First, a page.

As one watch editor said to me recently, pocket watches are a “perennial maybe,” meaning that they never quite become a trend, much less a mainstay among those who make and collect modern watches. However, there are luxury watch brands willing to produce a few of these timepieces each year. For the most part, these are not your grandfathers’ watches. Instead, they are often modern interpretations of the traditional timepiece.
Three models released at SIHH 2018 show the diversity, creativity and individuality in the interpretation of pocket watches. One may even remind you of your grandfather’s watch.
Montblanc 1858 Pocket Watch Limited Edition 100
This watch honors the 160th anniversary of the Minerva Manufacture, known for producing high-performance hand-made chronograph movements. The company was acquired by Montblanc in 2006 and was renamed Villeret, after the small Swiss town where it resides. However, the Minerva name still lives with Montblanc’s products and marketing.
Mountain exploration is the theme of Montblanc’s 1858 collection unveiled at SIHH and this timepiece certainly fits as this is a pocket watch with a compass on the caseback. This helps explain its 60 mm size, which is large even for a pocket watch.
The pocket watch is designed to be used multiple ways. It can be positioned on a table with a stand and transformed into a wristwatch through the use of an oversized brown Sfumato aged calfskin strap with two pin buckles. Finally, it can be held in the hand with the use of a brown Sfumato aged calf strap with a cover.
While the pocket watch is large it is light because it’s made of grade-two titanium with a polished and satin finish.
This pocket watch has a red central hand coated with SuperLumiNova indicating the time on a 24-hour scale on a dedicated minute-track. The dial is crafted of Dumortierite stone, a natural mineral, giving it a textured blue appearance. The signature design details of the Montblanc 1858 collection are all present, including beige SuperLumiNova Arabic numerals, indexes and hands; vintage fluted crown with monopusher chronograph and the historic Montblanc logo. The timepiece readings include a 30-minute counter at 12 o’clock and a small second counter at 6 o’clock, which are directly cut into the Dumortierite stone. Finally, there’s a central white chronograph second hand and a pulsometer scale engraved on the bezel.
The back of the watch where the compass is has an engraving of the four cardinal points, enhanced with SuperLumiNova.
The timepiece is powered by the new Montblanc Manufacture caliber MB M16.24 manually wound monopusher chronograph movement with the iconic V-shaped chronograph bridge and the Minerva arrow, inspired by the Minerva Monophuser chronograph caliber MB M16.29.
The IWC Tribute to Pallweber Edition “150 Years”
IWC is celebrating its 150th anniversary this year with a large and varied “Jubilee Collection.” One of the models it presented at SIHH was The IWC Tribute to Pallweber Edition “150 Years” with jumping numerals. It is the first pocket watch from IWC with a jumping digital hours and minutes display since the production of the historic Pallweber pocket watch, which was first manufactured in 1884 and discontinued six years later. These innovative timepieces showed the hours and minutes in digital format with large numerals on rotating discs.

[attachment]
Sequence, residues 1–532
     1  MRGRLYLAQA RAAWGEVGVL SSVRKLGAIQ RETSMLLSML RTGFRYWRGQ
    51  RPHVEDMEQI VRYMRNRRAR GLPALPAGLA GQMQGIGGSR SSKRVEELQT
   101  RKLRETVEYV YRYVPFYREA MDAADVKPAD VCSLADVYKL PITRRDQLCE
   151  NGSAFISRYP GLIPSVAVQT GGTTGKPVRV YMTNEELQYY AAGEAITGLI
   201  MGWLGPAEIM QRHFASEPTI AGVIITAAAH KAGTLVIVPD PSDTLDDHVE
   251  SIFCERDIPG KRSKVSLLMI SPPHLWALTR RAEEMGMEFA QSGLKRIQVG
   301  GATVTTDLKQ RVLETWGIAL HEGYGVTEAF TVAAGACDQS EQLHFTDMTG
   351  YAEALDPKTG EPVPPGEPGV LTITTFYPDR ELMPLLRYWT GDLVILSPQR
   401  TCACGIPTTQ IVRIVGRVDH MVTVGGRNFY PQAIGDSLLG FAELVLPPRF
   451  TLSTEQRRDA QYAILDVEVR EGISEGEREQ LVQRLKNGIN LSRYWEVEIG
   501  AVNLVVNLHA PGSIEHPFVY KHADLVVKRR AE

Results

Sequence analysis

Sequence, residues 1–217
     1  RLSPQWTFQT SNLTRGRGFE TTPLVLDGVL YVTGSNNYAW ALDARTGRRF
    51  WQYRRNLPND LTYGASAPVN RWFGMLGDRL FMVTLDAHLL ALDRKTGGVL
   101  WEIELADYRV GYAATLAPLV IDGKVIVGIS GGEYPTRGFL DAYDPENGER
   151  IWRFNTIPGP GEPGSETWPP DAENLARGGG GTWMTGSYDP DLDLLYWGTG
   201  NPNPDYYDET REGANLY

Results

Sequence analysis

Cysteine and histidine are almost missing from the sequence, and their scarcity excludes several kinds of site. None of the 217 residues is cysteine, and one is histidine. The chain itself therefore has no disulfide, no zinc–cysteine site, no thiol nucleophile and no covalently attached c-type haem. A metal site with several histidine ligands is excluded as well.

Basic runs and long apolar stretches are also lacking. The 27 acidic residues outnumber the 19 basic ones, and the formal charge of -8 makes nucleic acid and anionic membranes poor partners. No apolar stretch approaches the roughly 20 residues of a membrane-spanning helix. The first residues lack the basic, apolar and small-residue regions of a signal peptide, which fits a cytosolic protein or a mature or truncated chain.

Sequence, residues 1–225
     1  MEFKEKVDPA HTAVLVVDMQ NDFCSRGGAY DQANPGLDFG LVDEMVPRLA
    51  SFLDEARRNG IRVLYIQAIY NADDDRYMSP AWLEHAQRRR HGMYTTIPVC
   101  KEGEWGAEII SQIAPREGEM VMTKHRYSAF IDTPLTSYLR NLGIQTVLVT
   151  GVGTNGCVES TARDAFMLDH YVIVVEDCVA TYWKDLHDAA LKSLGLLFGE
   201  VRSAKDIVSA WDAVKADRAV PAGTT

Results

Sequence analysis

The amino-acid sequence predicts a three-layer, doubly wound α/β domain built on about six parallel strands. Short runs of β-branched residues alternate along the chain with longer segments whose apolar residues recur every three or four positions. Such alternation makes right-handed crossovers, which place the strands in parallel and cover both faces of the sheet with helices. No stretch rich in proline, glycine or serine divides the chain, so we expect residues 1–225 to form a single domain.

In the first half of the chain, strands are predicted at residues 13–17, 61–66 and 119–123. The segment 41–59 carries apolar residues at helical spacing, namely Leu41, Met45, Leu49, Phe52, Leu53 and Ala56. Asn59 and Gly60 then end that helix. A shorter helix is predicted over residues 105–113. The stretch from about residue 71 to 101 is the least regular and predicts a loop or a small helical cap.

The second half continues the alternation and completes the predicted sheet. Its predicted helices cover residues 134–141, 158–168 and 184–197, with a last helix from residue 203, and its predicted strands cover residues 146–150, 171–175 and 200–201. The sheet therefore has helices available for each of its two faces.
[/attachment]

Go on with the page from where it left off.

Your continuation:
This new 52 mm pocket watch, limited to 50 pieces, has an 18k red gold case and a white dial with a lacquered finish and white display discs with black printed numerals. The small second hand is blued.
As a reference to the design of the historical Pallweber watches and a tribute to F.A. Jones—the American watchmaker who founded IWC—the windows of the digital display are labeled as “Hours” and “Minutes.” Two windows in the spring cover reveal the hours and minutes, so the time can be read even when the watch is closed. The case also features a closed dust cover on the backside.
The watch is powered by the IWC-manufactured 94200 caliber with a 60-hour power reserve. It advances the display discs through a separate wheel train with a barrel of its own.
Hermès Arceau Pocket Millefiori
The Arceau Pocket is based on the Millefiori decorative technique, which dates back to 19th Century glassmaking. The collection was designed by Henri d’Origny, Hermès legendary artistic director in 1978 and has been used in different ways ever since. For this year the resulting use of the technique takes on the appearance of black alligator scales. It may look like leather but it’s actually crystal with a softer appearance. The black alligator theme is continued on the caseback which is sheathed in black matt alligator.
The decorative dial is housed in a 48 mm white gold case and is powered by the Hermès Manufacture H1837 Swiss-made automatic movement. It is available in a limited edition of two pieces.